This chapter discusses a series of prophetic sayings attributed to figures from Britain’s past, enlisted to make claims about its future. Several collections of these prophecies circulated in early modern Britain. The most famous such compilation was The Whole Prophesie of Scotland, a collection of political poems ascribed to medieval English and Scottish prophets. Constructed during the sixteenth century and initially circulated in manuscript at the Scottish court, it was printed in 1603 to justify the claims of King James VI of Scotland to the English crown. It presented the Union of Crowns as divinely sanctioned, using prophets from England, Wales and Scotland to show that the Scottish Stewarts were legitimate heirs to England’s Tudors, and restorers of an ancient Britannic monarchy. As the widest-circulating collection of prophecies, the Whole Prophesie can be used to track attitudes towards prophecy throughout early modern Scotland. The chapter analyses the sixteenth-century genesis of the Whole Prophesie, and traces its continued and changing uses thereafter. In its repeated reprintings in the seventeenth and eighteenth centuries, it was successively adapted to support Scottish unionism, Stuart royalism, Jacobitism and even Hanoverianism. Political use of the Whole Prophesie declined after 1773, when Lord Hailes subjected it to textual analysis arguing that key passages in it were interpolations. Finally, Sir Walter Scott and his antiquarian colleagues in the early nineteenth century reinterpreted the Whole Prophesie as remnants of ‘pagan’ superstition, thus obscuring the way in which its supernatural claims had been used by the elites of earlier centuries.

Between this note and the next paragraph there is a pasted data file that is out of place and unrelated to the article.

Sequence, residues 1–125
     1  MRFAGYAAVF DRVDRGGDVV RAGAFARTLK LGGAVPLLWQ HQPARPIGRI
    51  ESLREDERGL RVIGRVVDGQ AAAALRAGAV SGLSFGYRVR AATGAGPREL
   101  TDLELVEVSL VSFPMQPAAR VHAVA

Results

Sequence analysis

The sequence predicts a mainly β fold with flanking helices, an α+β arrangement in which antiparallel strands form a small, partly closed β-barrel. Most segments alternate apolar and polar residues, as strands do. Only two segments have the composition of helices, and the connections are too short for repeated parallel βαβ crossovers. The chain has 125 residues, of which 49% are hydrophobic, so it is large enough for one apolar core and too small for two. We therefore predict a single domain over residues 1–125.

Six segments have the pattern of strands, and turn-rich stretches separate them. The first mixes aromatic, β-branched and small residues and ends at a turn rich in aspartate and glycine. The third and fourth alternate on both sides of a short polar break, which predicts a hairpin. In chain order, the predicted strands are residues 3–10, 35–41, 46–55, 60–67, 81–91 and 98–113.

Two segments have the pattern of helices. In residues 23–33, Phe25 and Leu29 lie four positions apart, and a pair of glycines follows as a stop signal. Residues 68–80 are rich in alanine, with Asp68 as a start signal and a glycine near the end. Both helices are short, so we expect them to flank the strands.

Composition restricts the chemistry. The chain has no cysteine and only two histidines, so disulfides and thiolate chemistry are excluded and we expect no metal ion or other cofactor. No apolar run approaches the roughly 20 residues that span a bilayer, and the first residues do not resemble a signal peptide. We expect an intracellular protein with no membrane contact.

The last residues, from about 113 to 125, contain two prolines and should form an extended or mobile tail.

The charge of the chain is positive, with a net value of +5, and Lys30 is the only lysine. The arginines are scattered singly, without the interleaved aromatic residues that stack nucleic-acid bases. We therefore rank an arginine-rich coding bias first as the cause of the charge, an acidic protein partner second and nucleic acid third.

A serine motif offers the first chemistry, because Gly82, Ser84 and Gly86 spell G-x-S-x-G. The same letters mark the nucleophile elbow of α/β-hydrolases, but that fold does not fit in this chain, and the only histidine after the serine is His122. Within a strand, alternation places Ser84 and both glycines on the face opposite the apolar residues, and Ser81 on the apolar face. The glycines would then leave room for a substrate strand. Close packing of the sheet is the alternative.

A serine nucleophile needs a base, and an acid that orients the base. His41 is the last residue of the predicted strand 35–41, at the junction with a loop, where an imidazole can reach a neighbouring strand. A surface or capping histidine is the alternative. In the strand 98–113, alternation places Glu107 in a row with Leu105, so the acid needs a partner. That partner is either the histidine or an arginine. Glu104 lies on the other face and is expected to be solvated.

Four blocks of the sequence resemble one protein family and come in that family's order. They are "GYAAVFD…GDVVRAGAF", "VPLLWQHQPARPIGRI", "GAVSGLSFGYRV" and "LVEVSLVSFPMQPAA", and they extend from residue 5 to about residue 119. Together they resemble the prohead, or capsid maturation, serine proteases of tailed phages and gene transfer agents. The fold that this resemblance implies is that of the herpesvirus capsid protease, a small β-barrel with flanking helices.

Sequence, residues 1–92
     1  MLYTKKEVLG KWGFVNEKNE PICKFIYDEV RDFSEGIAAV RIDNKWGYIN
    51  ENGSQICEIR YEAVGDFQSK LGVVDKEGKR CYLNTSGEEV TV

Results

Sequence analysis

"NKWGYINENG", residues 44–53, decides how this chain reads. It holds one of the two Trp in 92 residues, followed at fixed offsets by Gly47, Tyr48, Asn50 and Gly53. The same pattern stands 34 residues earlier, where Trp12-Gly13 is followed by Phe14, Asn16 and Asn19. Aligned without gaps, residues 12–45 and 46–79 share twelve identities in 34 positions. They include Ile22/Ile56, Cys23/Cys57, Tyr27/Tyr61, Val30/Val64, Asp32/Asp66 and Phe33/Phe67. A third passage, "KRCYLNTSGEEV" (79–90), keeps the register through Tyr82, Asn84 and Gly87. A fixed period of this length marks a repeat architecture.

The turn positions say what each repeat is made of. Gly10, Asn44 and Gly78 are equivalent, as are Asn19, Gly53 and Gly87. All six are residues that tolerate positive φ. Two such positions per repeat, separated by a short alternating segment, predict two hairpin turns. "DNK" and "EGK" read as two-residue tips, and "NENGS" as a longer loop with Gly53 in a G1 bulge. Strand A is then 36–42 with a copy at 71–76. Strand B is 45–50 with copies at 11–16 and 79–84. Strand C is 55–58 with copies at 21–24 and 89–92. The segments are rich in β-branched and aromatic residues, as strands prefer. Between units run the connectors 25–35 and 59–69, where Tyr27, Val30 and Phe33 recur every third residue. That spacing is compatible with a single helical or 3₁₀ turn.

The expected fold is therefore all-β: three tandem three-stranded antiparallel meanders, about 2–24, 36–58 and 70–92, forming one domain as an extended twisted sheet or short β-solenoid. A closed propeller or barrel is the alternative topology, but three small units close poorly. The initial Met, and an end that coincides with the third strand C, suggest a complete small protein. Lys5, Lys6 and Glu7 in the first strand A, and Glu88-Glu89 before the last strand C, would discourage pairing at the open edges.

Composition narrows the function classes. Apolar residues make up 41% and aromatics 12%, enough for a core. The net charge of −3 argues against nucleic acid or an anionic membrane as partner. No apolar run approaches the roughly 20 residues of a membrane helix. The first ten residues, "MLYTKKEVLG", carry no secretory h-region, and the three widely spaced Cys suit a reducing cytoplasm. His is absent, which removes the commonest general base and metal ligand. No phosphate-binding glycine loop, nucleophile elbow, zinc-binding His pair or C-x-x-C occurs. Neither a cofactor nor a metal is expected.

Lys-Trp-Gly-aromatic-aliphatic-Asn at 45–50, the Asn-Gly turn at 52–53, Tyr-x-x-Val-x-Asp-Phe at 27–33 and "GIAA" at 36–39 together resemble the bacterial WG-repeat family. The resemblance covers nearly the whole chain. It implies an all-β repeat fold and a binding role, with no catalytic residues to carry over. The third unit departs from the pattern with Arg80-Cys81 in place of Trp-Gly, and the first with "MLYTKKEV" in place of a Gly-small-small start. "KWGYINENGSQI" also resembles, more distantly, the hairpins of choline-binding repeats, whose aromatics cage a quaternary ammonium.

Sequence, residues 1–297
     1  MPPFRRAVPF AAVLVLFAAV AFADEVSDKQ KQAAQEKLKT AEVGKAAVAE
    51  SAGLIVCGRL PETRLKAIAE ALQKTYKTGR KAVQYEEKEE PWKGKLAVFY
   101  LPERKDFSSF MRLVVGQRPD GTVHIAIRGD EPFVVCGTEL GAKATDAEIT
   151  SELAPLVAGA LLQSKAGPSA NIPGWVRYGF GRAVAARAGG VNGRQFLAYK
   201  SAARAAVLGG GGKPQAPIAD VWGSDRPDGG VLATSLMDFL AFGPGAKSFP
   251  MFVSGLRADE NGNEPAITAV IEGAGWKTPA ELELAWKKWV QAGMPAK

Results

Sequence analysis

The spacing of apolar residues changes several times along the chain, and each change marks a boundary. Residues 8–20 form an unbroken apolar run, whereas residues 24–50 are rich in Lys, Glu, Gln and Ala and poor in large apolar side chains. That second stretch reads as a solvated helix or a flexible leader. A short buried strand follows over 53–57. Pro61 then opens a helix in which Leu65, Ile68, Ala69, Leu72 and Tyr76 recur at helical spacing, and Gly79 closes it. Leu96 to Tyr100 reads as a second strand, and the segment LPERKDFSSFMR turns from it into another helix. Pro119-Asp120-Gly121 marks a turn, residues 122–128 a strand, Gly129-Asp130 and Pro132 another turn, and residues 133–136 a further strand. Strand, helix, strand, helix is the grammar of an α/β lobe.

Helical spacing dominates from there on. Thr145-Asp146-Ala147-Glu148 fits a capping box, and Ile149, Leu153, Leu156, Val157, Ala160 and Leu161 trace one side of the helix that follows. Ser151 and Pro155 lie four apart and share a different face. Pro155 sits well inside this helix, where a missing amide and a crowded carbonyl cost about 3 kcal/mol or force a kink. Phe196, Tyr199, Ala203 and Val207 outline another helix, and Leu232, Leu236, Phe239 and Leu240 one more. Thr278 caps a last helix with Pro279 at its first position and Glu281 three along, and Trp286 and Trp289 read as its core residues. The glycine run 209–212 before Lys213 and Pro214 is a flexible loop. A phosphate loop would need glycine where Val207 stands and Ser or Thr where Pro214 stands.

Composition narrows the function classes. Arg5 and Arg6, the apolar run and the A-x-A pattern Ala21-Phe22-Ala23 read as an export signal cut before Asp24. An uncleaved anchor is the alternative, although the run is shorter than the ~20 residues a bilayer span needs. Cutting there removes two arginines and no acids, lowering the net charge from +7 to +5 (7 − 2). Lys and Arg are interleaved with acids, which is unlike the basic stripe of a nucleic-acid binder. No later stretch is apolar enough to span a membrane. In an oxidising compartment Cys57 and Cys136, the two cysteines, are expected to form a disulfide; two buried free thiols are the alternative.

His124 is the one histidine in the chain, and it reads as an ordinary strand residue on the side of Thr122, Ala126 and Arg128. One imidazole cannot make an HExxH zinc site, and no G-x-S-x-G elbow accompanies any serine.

Supernatural beliefs have been vital to Scottish cultural development. In the early modern period, the Kirk played an all-important role in parish life, schooling the Scots on how to interpret the invisible world. Theologians and philosophers mused about the nature of God’s providence and the wiles of the Devil. Folk tradition peopled the landscape with fairies and nature spirits. The witch trials displayed the very real consequences of belief systems that would later be reframed as fantastical. This book analyses the Scottish supernatural between about 1500 and 1800. Drawing together an international range of scholars with expertise in history, ethnology and literary studies, it explores the diverse ways in which Scots understood and experienced magical beings and extraordinary events. There are chapters on trance experiences, spirit-guides, angels, preaching on the supernatural, political prophecies, providence, astrology, Second Sight and the Enlightenment’s encounter with the paganism of classical antiquity. The book’s historical material is framed by two literary chapters: one on the ‘elrich’ supernatural in the poetry of the early sixteenth century, and one on the political supernatural in the poetry of the eighteenth century. Overall, the book examines the cultural function of supernatural beliefs, and assesses how these beliefs evolved amid the upheaval of the Reformation, political and religious revolution, the emergence of the Enlightenment and the beginnings of romanticism.